The numbers are stark: As many as six dead. Hundreds more unaccounted for. Up to 1,000 people still awaiting evacuation.
But it's the stories -- of loss, but also generosity and gratitude -- that truly reflect the scope of the misery, and the tenacity of spirit, in Colorado's once-in-a-lifetime flooding -- now in its fifth day.
'I started panicking and I couldn't breathe'
So far, the state has confirmed four deaths and fear that two others missing will be added to that toll.
The four confirmed victims include a man and a woman, both 19, who were among a group of four teen-agers headed home when the deluge began in Boulder County late Wednesday night.
Emily Briggs was the driver. She told CNN affiliate KUSA-TV that she was terrified. Her friend Wesley Quinlan took over.
"I started panicking and I couldn't breathe, and Wesley said, 'It's OK, Emily, I'll drive.' So I let him drive, and we kept driving and we just hit a wall of water and rocks," Briggs
With the car stopped, Quinlan said everyone should get out and try to reach safety.
"Our feet were just thrown in the air," said Nathan Jennings, who survived along with Briggs.
Wiyanna Nelson, 19, was swept away first, and Quinlan tried to rescue her, the survivors said.
"I looked at Wesley and he looked at me, and he jumped after her," Briggs said. She got back in the car and was rescued later. Jennings couldn't get back to the car but grabbed a log until a firefighter rescued him.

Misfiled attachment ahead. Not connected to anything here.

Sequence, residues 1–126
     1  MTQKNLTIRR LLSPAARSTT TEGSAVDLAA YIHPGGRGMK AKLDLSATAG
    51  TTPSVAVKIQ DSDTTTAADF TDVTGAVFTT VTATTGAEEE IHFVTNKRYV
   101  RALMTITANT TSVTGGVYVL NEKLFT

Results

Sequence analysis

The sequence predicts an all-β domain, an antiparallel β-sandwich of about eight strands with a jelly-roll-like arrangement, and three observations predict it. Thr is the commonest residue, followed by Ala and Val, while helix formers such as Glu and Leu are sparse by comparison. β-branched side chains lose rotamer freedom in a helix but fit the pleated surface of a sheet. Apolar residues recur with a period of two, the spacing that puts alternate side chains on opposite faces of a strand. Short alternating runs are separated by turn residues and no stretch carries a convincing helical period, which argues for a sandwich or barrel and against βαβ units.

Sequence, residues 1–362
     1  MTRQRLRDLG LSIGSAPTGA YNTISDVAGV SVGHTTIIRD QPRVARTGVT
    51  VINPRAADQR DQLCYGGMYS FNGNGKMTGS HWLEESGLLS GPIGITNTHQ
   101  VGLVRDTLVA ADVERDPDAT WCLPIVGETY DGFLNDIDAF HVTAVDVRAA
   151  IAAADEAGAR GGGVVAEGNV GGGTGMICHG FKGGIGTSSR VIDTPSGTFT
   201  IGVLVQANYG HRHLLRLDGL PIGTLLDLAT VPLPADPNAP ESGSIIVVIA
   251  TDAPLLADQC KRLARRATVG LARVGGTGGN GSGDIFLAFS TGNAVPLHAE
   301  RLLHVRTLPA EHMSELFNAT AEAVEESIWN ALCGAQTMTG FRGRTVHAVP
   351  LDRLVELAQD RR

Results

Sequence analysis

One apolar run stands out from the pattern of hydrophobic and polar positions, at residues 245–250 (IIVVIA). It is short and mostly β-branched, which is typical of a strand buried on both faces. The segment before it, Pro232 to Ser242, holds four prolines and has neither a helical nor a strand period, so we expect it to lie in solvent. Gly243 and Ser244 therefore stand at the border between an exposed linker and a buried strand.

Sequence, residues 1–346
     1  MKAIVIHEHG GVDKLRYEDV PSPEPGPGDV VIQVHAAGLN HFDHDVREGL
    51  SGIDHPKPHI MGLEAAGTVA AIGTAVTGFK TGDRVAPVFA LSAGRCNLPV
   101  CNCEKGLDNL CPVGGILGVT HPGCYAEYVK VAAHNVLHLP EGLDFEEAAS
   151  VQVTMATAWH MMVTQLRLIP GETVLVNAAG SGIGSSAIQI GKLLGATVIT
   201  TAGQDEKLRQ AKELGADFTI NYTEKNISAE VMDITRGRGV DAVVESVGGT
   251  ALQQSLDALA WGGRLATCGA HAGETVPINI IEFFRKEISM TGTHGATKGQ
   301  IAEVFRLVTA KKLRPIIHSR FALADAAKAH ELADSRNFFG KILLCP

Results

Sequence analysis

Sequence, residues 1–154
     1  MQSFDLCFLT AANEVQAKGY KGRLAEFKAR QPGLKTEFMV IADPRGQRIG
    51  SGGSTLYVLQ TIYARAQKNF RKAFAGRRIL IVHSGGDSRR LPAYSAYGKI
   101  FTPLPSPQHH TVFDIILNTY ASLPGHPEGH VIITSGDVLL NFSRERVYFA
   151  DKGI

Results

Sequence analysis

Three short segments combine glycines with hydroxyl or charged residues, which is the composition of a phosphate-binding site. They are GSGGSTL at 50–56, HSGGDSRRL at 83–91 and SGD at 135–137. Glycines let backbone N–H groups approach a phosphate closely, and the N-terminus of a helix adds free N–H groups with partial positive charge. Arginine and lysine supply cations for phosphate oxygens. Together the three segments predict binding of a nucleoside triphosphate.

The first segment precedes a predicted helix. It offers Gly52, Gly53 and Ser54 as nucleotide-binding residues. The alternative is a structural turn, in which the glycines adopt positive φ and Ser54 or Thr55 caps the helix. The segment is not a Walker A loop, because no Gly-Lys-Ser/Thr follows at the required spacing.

Quinlan's body was recovered Thursday and Nelson's body the next day.
Another body was found in a collapsed home in Jamestown in Boulder County. Rescuers recovered a fourth body on a roadway in Colorado Springs in El Paso County.
Those presumed dead include a 60-year-old woman and an 80-year-old woman, both in Larimer County.
Witnesses saw the younger woman swept away by floodwater that demolished her house. The older woman suffered injuries and was unable to leave her home.
Authorities Sunday were updating the lists of "unaccounted for" in the two hardest-hit counties: 482 people in Laramie County and 318 in Boulder County.
Gov. John Hickenlooper said many of those may have found shelter with friends.
"But we're still bracing," Hickenlooper told Candy Crowley on CNN's "State of the Union" on Sunday. "I mean, there are many, many homes that have been destroyed. A number have been collapsed, and we haven't been in them yet."
'The helicopters -- those were the best'
Ten-year-old Luca Voeller was on a fifth-grade field trip to a camp at a high elevation when the flood began. The floodwaters blocked the road to the camp, trapped 78 students and their teachers.
Teachers were hatching a plan to hike across several miles when National Guard helicopters arrived Saturday.
"The helicopters - those were the best," he said.
All the choppers were grounded by rain Sunday. But only scattered showers are expected Monday, and then no rain is in the forecast for the remainder of the week.